America is on the verge of losing the one success story to come from its 2003 invasion of Iraq — Kurdistan. The blitzkrieg advance of the Islamic State across northern Iraq threatens America’s greatest friend, the Kurds.
Since 2005, I have visited the Kurdistan region both in uniform and a business suit. Nothing could have prepared me for the contrast between sweltering, violent Baghdad, and Erbil, the regional capital run by the Kurdistan Regional Government. Certainly, there were wonderful people I met in Baghdad, but there were also plenty who threw rocks at our convoys, shot at our troops and planted the insidious improvised explosive devices (IEDs).
In Erbil, there were no rocks, bullets or IEDs, only women in colorful dresses and men in the traditional pantsuit, thanking us for freeing Kurdistan. Earlier, the regional government ran American-flag-waving, “Thank you, America” ads on the Fox News Channel expressing gratitude for ridding them of the late Iraqi dictator Saddam Hussein.
Erbil in 2005 was a peaceful place, surrounded by mountains and wonderfully green. After inhaling the dust of Baghdad, I found myself in Erbil for a trade show. I was seated at a table on a lush lawn, eating and drinking away a cool summer night. The priggish bureaucrats who attempted to impose an alcohol ban among U.S. troops were told it was non-alcoholic scotch. I was privileged to sit beside a Kurdish Cabinet minister, who laughed when I inquired about the non-Islamic Johnnie Walker he was drinking. No place can be civilized without the presence of decent scotch, and there was plenty of civilization that evening. Kurdistan is civilized, which is why the Islamic State is trying to destroy it, along with capturing the oil. As goes Erbil, so goes the aspirations of a Western-oriented people on the edge of losing their homeland. It was the British who, long ago, divided the Kurds between Iraq, Iran, Syria and Turkey — another splendid decision by her majesty’s cartographer warriors. The result: misery for everyone. While the civilized world recoils at the thought of a recognized Islamic State, it should not deny the Kurds what they have earned, a free and independent Kurdistan.
Iraqi Kurdistan floats atop oil reserves, estimated in a 2013 Kurdistan Regional Government report to be 60 billion barrels. Against the wishes of the United States, which insisted Baghdad retain control of oil production and revenue, the regional government wisely chose to sign production-sharing agreements directly with companies such as Hunt Oil of Texas. Texans and Kurds are a happy match made in Erbil. Even now, with war raging, Kurdistan is exporting 120,000 barrels of crude daily via its pipeline through Turkey. The balm of commerce has soothed the old wounds of Turkish-Kurdish conflict and provided the Kurds a source of revenue.
Fast-forward a couple years to a meeting with Kurdish Prime Minister Nechirvan Barzani. I was greeted by the gracious prime minister in English and thanked as an American soldier for helping liberate Kurdistan. He explained how the regional government was using its emerging wealth to develop the region. From the appearance of his chancery and Erbil, they seemed on track to develop a lovely little country in the mountains. When last in Erbil in 2012, I could taste, touch and feel the progress. Over a German beer and American burger, I discussed the progress of Kurdistan with friends working there in power generation and construction. All agreed that while problems persist, the place is booming.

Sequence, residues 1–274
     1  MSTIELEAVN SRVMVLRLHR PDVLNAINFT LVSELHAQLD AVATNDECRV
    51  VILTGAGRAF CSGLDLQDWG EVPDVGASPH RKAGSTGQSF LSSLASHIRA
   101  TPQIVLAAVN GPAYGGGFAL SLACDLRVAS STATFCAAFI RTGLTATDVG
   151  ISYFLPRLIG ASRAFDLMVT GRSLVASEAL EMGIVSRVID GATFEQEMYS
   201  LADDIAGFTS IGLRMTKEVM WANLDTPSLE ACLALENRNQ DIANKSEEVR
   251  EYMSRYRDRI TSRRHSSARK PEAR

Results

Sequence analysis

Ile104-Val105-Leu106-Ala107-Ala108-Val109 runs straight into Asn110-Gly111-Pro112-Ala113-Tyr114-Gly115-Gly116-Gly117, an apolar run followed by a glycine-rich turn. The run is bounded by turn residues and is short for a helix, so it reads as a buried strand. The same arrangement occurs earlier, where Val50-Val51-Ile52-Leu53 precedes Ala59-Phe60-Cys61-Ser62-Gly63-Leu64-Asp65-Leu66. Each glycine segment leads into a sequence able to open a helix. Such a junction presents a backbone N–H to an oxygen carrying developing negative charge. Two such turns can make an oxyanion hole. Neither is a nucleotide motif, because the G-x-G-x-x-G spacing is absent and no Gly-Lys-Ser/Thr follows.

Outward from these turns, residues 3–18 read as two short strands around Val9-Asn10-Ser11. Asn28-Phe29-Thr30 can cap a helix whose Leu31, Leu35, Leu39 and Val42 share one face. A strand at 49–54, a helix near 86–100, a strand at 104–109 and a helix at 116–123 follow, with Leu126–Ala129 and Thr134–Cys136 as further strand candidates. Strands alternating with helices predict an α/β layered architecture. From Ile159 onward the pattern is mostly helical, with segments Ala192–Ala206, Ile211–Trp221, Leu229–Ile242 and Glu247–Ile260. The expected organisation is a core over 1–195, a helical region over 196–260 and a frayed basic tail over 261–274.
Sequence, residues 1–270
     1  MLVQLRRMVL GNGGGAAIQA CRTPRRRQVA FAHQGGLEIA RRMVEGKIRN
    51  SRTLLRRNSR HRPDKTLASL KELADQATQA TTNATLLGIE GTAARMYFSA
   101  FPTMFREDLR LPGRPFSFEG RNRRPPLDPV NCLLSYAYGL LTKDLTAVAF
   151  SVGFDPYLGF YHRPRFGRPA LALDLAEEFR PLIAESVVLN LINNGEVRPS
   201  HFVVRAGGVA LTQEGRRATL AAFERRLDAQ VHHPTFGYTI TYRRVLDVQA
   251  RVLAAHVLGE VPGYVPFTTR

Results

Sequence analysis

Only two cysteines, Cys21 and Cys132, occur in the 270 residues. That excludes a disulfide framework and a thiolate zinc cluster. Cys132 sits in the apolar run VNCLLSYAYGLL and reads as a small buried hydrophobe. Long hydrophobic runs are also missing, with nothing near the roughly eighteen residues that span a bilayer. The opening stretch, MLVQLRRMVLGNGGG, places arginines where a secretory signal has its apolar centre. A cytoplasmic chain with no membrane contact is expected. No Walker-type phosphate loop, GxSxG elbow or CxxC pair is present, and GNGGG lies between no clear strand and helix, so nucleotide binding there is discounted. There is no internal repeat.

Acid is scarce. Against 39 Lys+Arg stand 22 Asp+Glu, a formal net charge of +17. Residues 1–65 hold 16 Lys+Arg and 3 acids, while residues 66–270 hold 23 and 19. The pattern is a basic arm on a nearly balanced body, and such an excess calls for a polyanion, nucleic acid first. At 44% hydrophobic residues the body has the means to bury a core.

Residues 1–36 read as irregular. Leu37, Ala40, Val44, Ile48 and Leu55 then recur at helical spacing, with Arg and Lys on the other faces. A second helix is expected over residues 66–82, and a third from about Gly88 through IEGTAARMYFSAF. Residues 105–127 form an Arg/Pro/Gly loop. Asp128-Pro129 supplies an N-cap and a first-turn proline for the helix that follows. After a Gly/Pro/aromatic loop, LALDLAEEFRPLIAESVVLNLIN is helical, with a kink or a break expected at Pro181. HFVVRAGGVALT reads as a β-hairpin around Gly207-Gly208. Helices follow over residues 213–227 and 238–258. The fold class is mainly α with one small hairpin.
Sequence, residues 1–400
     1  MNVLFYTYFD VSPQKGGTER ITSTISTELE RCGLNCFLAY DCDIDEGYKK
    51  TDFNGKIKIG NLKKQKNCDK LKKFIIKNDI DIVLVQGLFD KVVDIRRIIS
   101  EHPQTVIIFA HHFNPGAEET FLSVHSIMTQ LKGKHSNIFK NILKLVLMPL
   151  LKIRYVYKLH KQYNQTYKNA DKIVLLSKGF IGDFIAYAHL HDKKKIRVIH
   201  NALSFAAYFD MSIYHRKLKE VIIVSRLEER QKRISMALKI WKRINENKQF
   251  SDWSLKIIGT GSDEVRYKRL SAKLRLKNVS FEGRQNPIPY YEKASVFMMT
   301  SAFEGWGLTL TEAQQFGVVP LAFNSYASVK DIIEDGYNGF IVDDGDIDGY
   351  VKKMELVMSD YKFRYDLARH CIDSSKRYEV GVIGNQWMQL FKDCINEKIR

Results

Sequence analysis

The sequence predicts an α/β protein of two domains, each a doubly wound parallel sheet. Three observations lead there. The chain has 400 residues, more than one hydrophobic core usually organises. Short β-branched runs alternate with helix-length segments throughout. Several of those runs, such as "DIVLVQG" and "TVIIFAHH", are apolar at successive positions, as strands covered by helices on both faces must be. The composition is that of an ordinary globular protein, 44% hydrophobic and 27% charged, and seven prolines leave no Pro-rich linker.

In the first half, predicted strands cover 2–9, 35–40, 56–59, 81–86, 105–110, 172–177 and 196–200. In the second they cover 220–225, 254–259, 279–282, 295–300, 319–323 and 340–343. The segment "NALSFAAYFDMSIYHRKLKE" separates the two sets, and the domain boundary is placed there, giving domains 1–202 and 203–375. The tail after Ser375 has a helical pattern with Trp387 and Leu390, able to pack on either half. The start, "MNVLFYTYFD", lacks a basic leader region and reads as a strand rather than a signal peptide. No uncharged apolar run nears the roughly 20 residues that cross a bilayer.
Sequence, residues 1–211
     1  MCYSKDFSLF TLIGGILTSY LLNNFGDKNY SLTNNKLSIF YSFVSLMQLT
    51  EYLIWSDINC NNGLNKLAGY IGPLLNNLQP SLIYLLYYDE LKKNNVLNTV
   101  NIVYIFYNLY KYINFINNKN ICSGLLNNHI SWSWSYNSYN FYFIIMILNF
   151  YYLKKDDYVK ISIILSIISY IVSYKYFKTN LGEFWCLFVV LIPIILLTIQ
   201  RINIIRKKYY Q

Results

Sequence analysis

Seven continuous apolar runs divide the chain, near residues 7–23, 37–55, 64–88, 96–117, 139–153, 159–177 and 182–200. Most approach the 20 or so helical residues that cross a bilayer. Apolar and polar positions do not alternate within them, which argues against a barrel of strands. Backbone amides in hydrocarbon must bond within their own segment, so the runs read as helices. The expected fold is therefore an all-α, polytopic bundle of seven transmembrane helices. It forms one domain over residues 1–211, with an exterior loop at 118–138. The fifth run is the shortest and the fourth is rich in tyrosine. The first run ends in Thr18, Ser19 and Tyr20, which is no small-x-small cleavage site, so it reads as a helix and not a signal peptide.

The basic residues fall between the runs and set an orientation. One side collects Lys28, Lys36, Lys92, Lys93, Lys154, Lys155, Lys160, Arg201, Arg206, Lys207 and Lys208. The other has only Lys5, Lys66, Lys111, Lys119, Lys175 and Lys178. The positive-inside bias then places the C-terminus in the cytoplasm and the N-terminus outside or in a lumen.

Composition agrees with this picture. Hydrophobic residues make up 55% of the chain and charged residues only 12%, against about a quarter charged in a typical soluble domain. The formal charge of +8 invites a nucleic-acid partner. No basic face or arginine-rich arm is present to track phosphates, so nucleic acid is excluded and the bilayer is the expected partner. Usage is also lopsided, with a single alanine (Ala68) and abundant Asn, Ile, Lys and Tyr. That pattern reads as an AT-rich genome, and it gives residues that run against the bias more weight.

Today, the world watches as the pious soldiers of the Islamic State, when not selling Yazidi girls into sexual slavery or executing journalists, have pushed to within 25 miles of Erbil. After the organization armed itself to the teeth with the weaponry of the Iraqi army, the Obama administration seemed genuinely stunned as the Islamic State pushed into Kurdistan. Kurdish Peshmerga militia are fierce fighters, but with old AK-47 rifles and empty magazines, they are no match for U.S. weaponry in the hands of terrorists. The United States had reasoned it couldn’t arm the Kurds for risk of the weapons falling into the wrong hands.
As the noose of the Islamic State tightens, military operations to rescue journalists have failed and President Obama has golfed his stress away on Martha’s Vineyard, we have watched. Now the once-great powers of the Old World summon the resources to send emergency supplies of weapons and ammunition to the Kurds. We watch as the most powerful nation on earth, the United States of America, embarks on a final, desperate attempt to ward off disaster in the north with food drops and pinprick airstrikes.
We watch as the last ember of America’s idealistic aims in Iraq — Kurdistan — fights for its survival. The United States spent $1.7 trillion, lost 4,486 lives and, according to a 2013 inspector general report, spent $25 billion on “training, equipping and sustaining” the Iraqi military. The U.S. did not trade blood for oil. It appears America traded blood and treasure for very little, to create an Iranian client-state in the south, and an Islamic caliphate in the west and, possibly, the north.
So long as the Kurds hold out, and their cries find guilty ears in Washington, London, Berlin and Paris, there is hope. Surely, America and its European allies have the firepower to stave off disaster in Kurdistan. The question is, do they have the political will? I sincerely hope so.
Joe Graziano is a former military officer who served in Iraq and Afghanistan, and served as a consultant to the Department of Defense’s Task Force for Business and Stability Operations in Iraq and Afghanistan.